Goodling began by attending Pride meetings. “I had to tell them that we [Fenton History Center] didn’t have anything in our archives but we wanted to start by documenting the planning and implementation of Pride 2020.” 

    He wrote two grants to support the project, a Humanities New York Action Grant and a Greater Hudson Heritage Network Creativity Incubator Grant (a grant partnership with the New York State Council on the Arts). “I wanted to have an exhibit that would help promote that we were seeking donations to our archives for LGBTQ+ stories and artifacts,” said Goodling. 




    Community Support

    The Fenton History Center received in-kind support and volunteer help from a number of local organizations including Jamestown Pride, the local PFLAG chapter, the Mental Health Association, Preservation Works/HOPE Chautauqua, the Jamestown public Market, the Robert H. Jackson Center, Jamestown City Historian, local news stations, individual professors from SUNY Jamestown Community College and SUNY Fredonia, and more. “Many of these organizations came to us to ask how they could help before we even thought to get them involved. It was one of the things that made this project special, and helped me feel that we were on the right track in serving our community.” Fenton History Center’s Curator Victoria Parker also played a key role in executing the creative and technical aspects of the exhibition. 


    Crowdsourcing the Exhibition

    “In the beginning, we were focusing on documenting the planning process for Pride 2020 but because of the pandemic, we had to shift,” said Goodling. After Pride 2020 was canceled, the exhibition shifted to focus on all of the interviews Goodling conducted throughout 2020 and into 2021.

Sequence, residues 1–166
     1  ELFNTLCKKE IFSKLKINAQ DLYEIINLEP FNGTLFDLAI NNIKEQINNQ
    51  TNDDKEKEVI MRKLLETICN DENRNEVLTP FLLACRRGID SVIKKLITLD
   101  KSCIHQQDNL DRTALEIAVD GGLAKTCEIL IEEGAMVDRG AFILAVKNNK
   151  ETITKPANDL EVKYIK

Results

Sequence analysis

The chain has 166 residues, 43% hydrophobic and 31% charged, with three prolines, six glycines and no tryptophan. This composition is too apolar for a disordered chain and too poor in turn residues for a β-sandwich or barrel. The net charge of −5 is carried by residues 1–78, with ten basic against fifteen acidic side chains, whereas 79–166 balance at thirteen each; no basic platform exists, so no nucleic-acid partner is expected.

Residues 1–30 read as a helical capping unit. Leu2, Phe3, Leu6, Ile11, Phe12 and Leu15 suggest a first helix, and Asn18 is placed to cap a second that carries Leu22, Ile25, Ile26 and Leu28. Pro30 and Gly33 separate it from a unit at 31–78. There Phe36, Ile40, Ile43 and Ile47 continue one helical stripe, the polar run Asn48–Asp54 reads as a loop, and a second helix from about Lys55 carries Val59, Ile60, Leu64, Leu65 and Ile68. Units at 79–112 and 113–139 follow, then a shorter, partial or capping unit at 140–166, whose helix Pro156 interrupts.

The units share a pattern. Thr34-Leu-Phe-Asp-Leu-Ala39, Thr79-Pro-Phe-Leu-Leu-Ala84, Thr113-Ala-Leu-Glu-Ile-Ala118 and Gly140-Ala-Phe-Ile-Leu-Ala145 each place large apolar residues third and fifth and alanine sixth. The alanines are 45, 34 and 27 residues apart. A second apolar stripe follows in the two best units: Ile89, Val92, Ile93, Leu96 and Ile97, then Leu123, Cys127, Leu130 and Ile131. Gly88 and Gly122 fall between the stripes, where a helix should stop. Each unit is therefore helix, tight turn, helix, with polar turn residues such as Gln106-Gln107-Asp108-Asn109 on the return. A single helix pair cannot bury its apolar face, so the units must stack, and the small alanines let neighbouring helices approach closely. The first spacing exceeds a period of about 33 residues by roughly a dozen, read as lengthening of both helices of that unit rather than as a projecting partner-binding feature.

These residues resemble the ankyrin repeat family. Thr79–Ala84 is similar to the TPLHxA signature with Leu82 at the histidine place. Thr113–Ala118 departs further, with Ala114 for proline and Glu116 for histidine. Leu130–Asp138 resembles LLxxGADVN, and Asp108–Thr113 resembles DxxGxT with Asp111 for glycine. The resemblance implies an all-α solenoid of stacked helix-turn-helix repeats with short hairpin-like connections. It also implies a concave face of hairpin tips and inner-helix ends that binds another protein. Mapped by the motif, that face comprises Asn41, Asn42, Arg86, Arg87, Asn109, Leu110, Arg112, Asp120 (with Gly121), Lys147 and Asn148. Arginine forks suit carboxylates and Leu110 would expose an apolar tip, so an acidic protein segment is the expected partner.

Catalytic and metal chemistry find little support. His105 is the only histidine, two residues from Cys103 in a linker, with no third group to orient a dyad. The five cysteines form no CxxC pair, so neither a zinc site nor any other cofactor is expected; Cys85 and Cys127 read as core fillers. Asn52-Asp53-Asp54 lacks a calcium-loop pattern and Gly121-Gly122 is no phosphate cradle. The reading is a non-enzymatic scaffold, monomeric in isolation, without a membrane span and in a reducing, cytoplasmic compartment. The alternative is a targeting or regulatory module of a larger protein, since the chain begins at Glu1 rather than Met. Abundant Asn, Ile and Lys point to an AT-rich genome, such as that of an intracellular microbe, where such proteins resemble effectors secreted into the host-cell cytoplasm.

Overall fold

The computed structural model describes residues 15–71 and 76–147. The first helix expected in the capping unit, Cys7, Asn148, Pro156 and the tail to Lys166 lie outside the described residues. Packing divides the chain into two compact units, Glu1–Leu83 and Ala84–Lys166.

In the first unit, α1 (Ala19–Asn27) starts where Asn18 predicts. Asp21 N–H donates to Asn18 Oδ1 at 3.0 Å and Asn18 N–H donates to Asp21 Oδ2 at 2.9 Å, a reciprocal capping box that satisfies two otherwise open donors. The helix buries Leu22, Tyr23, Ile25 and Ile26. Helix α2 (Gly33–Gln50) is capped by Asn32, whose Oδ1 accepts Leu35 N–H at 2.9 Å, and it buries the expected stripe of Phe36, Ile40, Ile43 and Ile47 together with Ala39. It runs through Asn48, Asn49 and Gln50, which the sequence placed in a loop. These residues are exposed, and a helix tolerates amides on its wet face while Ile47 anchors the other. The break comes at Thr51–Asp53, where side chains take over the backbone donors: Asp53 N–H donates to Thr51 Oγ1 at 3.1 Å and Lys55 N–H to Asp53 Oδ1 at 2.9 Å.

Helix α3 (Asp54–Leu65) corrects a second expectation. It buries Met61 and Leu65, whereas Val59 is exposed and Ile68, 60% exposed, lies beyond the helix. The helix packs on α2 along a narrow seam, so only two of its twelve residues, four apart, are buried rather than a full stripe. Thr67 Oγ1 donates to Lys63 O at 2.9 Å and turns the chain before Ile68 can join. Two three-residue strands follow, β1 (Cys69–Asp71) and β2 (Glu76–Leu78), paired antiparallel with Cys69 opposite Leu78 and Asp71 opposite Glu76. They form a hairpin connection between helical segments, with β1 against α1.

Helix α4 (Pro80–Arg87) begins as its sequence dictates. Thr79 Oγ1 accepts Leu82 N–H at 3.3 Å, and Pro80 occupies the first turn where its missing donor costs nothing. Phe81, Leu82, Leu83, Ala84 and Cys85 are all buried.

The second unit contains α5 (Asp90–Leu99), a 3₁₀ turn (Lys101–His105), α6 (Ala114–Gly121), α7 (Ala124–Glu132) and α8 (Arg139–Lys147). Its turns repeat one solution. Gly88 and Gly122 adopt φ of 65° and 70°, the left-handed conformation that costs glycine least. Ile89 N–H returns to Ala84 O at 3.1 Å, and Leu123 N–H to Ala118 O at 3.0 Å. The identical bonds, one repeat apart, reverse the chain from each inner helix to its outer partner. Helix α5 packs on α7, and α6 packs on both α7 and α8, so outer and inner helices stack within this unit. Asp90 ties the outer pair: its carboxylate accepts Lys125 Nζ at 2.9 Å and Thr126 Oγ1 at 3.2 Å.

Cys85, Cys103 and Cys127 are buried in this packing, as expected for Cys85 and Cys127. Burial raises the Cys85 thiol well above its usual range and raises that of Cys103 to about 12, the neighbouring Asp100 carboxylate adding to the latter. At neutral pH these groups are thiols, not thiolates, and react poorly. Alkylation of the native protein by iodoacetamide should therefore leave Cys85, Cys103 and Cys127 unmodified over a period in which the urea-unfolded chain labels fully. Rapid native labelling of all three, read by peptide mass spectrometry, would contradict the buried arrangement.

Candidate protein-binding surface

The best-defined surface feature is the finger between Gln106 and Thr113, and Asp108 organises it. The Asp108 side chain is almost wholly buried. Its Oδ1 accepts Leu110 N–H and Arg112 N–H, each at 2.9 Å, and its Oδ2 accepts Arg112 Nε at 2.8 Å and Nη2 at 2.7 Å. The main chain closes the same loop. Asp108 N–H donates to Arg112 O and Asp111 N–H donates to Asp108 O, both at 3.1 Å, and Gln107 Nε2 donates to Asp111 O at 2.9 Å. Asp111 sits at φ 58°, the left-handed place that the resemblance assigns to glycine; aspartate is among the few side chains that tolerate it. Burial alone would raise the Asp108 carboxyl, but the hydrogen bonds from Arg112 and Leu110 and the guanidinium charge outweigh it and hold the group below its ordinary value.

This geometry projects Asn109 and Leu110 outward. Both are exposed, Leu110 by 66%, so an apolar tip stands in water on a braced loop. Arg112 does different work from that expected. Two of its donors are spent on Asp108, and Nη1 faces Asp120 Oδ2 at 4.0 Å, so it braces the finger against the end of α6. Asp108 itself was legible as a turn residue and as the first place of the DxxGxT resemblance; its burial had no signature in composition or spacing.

“Our goal was that we wanted to be sure that we represented as many people as possible from the LGBTQ+ community and allies,” said Goodling. “We wanted to have a mosaic of different voices and by talking to a number of different people, we‘ve put together a chronology of experiences from the early 20th century to present day about what it has been like to experience being part of the LGBTQ+ community in Jamestown.” 

    The Fenton History Center continues to receive donations for the collections and the exhibition.  Goodling hopes that with the opening of the exhibition, more people will donate and share their stories. “We’re starting to get some more supplemental things and we’re hoping that it’ll continue to grow,” said Goodling. Donations include written stories, audio recordings, videos, photos of places and events, and physical items. One person donated their wedding dress. Another Jamestown resident wrote a poem based on her experiences in the LGBTQ+ community. A professor at SUNY Fredonia offered to create an interpretive dance to reflect on his own experiences. 

    “Part of what I wanted to do with this project was to open it up, maybe further than we usually would, with what we were collecting. There’s all sorts of ways that people connect with being LGBTQ+, so we wanted people to contribute something that is representative of how they have connected with their identity.”


    Reaching and Engaging New Audiences

    Since the start of this initiative, the Center has reached new audiences. “We have stronger partnerships with LGBTQ+ groups and we have new school groups visiting us to see the exhibition,” said Goodling. The other week a class from Jamestown Community College that is studying the intersection of identity and gender identity visited the exhibition. “There is a whole new group of people that we are reaching; before, they just didn’t have a reason to associate with the museum.”

    Goodling wants this exhibition and archive to educate people and help strike down prejudice. “I want to get a community dialogue going and get people thinking in new ways by introducing them to different aspects of their community that they might not have thought about before or even encountered.”


    Protest and Pride exhibition entryway


    Identifying Priorities